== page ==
I love Spring even though the weather is like a seesaw and I’m so busy designing and working in other people’s gardens that mine is full of weeds and the back driveway is full of plants that need to be planted. That’s why you haven’t heard from me in two weeks.
In the meantime, there has been a progression of bloom in my garden that makes me happy to wake up every morning. During the first week of May, the tiny blue flowers of Forget-Me-Not, Myosotis sylvatica, started blooming. It has seeded at the front of my back beds and looks lovely for about a month. When it starts looking ratty, I just pull it out but happily, by that time, it has reseeded for next year.
I thought the deer were eating all my tulips but they have actually been glorious this year. I favor shades of pink and purple that echo the color of my Creeping Phlox (Phlox subulata). In bright contrast are the chartreuse flowers of Spurge (Euphorbia polychroma). No one walks past them without asking me what they are.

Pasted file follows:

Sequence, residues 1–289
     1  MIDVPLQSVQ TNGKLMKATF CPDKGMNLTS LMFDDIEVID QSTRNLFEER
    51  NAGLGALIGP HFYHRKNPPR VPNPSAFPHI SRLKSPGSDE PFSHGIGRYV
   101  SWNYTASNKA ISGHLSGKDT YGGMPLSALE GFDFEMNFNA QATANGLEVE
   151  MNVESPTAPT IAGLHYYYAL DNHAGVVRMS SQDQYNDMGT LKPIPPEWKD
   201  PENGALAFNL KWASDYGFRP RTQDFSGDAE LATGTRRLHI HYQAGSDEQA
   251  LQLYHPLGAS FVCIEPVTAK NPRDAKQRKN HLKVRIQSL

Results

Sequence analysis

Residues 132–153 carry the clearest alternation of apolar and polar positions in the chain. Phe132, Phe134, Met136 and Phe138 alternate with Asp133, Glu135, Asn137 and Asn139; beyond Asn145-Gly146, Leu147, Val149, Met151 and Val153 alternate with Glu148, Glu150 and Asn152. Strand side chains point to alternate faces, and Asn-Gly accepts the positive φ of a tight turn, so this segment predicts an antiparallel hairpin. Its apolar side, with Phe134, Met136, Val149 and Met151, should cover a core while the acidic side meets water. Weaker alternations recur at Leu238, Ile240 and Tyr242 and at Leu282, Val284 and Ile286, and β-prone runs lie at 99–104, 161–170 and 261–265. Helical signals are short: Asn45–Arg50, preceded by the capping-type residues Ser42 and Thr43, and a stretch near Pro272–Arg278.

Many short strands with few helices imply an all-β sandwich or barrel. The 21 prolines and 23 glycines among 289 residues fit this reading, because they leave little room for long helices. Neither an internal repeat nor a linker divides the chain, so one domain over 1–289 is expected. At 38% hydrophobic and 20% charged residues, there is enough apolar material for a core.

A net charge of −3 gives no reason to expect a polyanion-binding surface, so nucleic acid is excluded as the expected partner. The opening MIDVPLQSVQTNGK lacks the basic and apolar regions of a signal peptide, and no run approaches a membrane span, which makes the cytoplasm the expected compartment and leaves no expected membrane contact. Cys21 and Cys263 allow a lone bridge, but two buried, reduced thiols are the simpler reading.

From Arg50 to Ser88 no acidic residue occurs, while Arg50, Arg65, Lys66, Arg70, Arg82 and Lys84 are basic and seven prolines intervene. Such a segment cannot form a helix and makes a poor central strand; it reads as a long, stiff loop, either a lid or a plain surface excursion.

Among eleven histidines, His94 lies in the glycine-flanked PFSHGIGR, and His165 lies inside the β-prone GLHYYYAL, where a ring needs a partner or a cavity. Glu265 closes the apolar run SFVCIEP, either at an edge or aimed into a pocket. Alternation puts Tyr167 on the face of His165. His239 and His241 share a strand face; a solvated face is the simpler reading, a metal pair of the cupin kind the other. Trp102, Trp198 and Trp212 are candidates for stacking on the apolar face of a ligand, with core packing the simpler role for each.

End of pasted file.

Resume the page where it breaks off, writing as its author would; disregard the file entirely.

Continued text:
My clumps of Crested Iris (Iris cristata) are slowly increasing and they were beautiful this year. Even though they are only in bloom for a few days, I love the short, wide, upright foliage. They grow on the dry edge of a slightly shaded bed.
I happen to love the species Geum. It has now been hybridized for longer lasting flowers and excellent seedheads. Two of my favorites are ‘Mango Lassi’ – sounds good enough to drink – and ‘Firestorm’. Their apricot and bright orange flowers really spice up the garden.
I have one tree peony, Paeonia suffruticosa ‘Simanishiki’ and she is a beauty. In the garden for eight years, the number of gorgeous bi-colored, huge blooms increases each year.
In my shady garden, I love to watch the evolution of False Solomon’s Seal (Smilacina racemosa). First it foliates; then the leaves unfurl; next the creamy white blossoms start to open; and finally the stems arch and the flowers are a bit fuller. Later in the summer, there will be pink berries that finally become red.
You, too, could wake each morning, just waiting to see what is happening in your garden. There should be something new at least every week, if not every day. That’s the true meaning of a twelve month garden.